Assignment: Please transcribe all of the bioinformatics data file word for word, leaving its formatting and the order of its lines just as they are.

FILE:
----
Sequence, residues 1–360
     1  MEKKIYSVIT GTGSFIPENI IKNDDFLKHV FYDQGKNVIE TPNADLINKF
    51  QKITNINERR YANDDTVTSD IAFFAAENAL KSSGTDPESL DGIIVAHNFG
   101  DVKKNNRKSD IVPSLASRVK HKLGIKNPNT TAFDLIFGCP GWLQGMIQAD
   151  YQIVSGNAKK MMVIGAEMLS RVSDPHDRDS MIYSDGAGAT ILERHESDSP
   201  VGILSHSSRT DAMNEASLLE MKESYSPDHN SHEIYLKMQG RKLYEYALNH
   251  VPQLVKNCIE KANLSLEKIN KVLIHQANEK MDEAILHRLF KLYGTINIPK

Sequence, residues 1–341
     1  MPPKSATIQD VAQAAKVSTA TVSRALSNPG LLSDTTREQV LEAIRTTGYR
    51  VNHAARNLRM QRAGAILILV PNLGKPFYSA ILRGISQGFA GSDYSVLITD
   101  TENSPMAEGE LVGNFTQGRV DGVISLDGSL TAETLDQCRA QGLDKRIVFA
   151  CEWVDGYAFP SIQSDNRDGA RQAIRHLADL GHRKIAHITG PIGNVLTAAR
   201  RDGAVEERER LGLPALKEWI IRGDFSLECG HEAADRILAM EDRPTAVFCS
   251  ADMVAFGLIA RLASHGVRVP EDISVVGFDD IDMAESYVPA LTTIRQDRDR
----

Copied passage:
Sequence, residues 1–360
     1  MEKKIYSVIT GTGSFIPENI IKNDDFLKHV FYDQGKNVIE TPNADLINKF
    51  QKITNINERR YANDDTVTSD IAFFAAENAL KSSGTDPESL DGIIVAHNFG
   101  DVKKNNRKSD IVPSLASRVK HKLGIKNPNT TAFDLIFGCP GWLQGMIQAD
   151  YQIVSGNAKK MMVIGAEMLS RVSDPHDRDS MIYSDGAGAT ILERHESDSP
   201  VGILSHSSRT DAMNEASLLE MKESYSPDHN SHEIYLKMQG RKLYEYALNH
   251  VPQLVKNCIE KANLSLEKIN KVLIHQANEK MDEAILHRLF KLYGTINIPK

Sequence, residues 1–341
     1  MPPKSATIQD VAQAAKVSTA TVSRALSNPG LLSDTTREQV LEAIRTTGYR
    51  VNHAARNLRM QRAGAILILV PNLGKPFYSA ILRGISQGFA GSDYSVLITD
   101  TENSPMAEGE LVGNFTQGRV DGVISLDGSL TAETLDQCRA QGLDKRIVFA
   151  CEWVDGYAFP SIQSDNRDGA RQAIRHLADL GHRKIAHITG PIGNVLTAAR
   201  RDGAVEERER LGLPALKEWI IRGDFSLECG HEAADRILAM EDRPTAVFCS
   251  ADMVAFGLIA RLASHGVRVP EDISVVGFDD IDMAESYVPA LTTIRQDRDR